As my regular readers will know, this year is my ‘go for it year.’ It didn’t start so well, as I had a month of bronchitis just after Christmas but still managed to fulfil my commitments. This helped to focus my mind away from negative thoughts and onto all the exciting opportunities that were starting to open up. Now we are at the middle of February and that sense of achievement is growing. People contacting me from around the world with opportunities to improve the landscape for people affected by cancer. Even my own hospital are chasing me to ensure they are at the front of a new service I am involved with. Yes, the positivity is flowing, despite an emergency visit to the dentist with a broken tooth which now needs some complex work and much money spent on it! In days gone by bronchitis followed by the tooth and it’s complexities caused by my treatment, would have me hiding in a darkened room, but not now. I am coming back for more!
This made me think about some of the really early days of my treatment. Constant chemotherapy and then weeks in isolation wondering if I was going to live or die. So many people said “you will be fine if you stay positive.” I must admit I never really felt better after hearing that, and my thoughts were “it’s easy for you to say!” I have always been a positive person throughout my life, but have never really looked at it in the way that it might actually be improving my health. One thing I have learned though, is that someone doesn’t suddenly become positive because you have told them they must be. In fact for someone who doesn’t feel positive in their situation it is probably one of the last things they want to hear.
When you are staring into a ‘black hole’ and all the evidence is also pointing that way, it can be very hard to stay positive. But what makes some of us keep faith and others not? After I was told that it would take anything up to a year to get back on my feet if I survived the treatment, that became my first target. But then, complication after complication came along and I am now eight years into my journey, having lost a lot of things both physically and emotionally, but still feeling positive. Having got past all the major health milestones, which none of us foresaw, has given me some sort of crazy freedom! I am now taking on challenges that I would never have considered when I was even in full health. Cancer and it’s treatment has made me feel empowered, and I have understood what is really valuable to me. In my life I have been very lucky and experienced so many things through my work, so my ‘bucket list’ is a lot shorter than most! My greatest ambition is to be with my wife whilst she works her way through hers, and she is in fabulous health!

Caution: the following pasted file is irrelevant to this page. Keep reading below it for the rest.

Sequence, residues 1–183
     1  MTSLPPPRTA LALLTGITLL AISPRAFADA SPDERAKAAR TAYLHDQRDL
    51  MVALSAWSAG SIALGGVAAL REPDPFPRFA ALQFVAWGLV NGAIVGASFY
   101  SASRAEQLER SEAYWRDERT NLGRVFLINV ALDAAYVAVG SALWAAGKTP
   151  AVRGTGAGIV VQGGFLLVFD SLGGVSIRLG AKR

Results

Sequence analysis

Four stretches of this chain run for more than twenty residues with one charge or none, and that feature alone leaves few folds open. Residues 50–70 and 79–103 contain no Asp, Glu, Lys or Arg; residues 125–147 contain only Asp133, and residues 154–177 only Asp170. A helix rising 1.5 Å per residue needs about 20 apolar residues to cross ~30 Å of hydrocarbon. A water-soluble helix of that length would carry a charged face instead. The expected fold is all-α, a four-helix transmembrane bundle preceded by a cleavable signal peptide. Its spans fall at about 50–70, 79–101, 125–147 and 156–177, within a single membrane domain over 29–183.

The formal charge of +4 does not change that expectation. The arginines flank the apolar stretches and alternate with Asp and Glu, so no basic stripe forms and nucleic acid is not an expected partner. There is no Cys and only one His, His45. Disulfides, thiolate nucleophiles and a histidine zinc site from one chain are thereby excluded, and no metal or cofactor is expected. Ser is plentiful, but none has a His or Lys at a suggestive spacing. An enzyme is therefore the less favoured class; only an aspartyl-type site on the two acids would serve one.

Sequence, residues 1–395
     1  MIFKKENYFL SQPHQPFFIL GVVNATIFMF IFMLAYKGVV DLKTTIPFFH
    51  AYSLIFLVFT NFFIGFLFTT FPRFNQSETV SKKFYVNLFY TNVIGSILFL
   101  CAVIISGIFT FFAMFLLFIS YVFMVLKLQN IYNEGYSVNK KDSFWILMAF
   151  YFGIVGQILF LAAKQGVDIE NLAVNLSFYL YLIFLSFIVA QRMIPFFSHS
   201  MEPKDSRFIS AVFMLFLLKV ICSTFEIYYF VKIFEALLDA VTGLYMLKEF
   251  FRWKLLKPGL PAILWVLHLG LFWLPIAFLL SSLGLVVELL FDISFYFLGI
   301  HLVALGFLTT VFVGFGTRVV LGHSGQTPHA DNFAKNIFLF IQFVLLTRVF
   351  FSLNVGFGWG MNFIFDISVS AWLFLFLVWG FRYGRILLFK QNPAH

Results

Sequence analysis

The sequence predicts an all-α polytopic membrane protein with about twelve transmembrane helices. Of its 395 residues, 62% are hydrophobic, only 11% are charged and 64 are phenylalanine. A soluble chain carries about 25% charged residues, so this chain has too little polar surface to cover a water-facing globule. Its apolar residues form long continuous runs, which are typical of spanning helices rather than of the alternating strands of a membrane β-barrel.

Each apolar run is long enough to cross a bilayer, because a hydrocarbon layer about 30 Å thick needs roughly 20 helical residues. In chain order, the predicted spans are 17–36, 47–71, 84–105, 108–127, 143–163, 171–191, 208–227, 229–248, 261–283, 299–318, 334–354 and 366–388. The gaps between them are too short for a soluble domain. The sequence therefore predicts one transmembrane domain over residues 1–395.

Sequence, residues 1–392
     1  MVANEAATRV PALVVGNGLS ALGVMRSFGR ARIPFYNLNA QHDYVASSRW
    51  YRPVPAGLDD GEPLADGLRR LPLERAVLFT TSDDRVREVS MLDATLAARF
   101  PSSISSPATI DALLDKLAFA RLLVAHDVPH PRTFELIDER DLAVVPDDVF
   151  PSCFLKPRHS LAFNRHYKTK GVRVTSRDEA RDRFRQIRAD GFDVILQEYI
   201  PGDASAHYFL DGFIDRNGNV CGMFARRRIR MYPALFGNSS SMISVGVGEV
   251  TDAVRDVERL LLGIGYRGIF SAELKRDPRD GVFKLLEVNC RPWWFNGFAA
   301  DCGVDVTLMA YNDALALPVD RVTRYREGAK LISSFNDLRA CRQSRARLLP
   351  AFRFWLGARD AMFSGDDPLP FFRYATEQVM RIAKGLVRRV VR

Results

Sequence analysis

Even clinicians point to positivity as a necessary factor when faced with serious medical situations, but I don’t really know what any hard evidence shows. Of course the world looks a better place when seen through rose tinted glasses, but if you don’t have a pair it can seem entirely different. The psychological issues we face once diagnosed with chronic illness can in many cases, be much worse than the treatment itself. We see strong men wilt, but also mild men can appear strong. We have found over the years that our mental health is closely related to our physical health, so we are beginning to look at ‘holistic care’ which in my opinion can be the only effective way forward. Treating the mind and body as one, and us as a whole person and not just a case of medical notes.
“Of course you’re ok, you have PMA” (positive mental attitude) they say. But I haven’t had that all the time! I entered a world of healthcare which I was fortunately unfamiliar with. I had never even spent a night in hospital and quickly I was facing every treatment known to man. Watching as my features changed rapidly, losing my hair, putting on a large increase in weight and unable to keep food down. Just a few side effects to my regime of treatment, not even knowing if after all this I would even survive. During one of my many long spells in hospital they sent in a clinical psychologist. He asked me what was wrong and I said I was fed up! After a brief look though my biblical proportioned notes he replied, “I’m not surprised!”
I have been frequently on and off the ‘positivity train’ since my diagnosis, for long periods of both. It is certainly easy to understand people who struggle. With fabulous people around me, both family and friends, plus a wonderful team of clinicians, my chances are better than some. Within the last year I have had some specialist help to enable me to re-engage with my positive mind. This has had an incredible impact on me, helping me keep focussed on the many positives in my life. Yes there are still plenty of negative things occurring but I can now see them differently.
We will all face periods of negativity in our life, this is indeed normal, and of course facing any challenge with a positive outlook will help you. But it can be unhelpful if you compare yourself to others. We are all facing different challenges at different times, and only you will know what is right for you. Have you struggled to stay positive? How has positivity or lack of, affected your life? As always please feel free to share your thoughts and experiences below.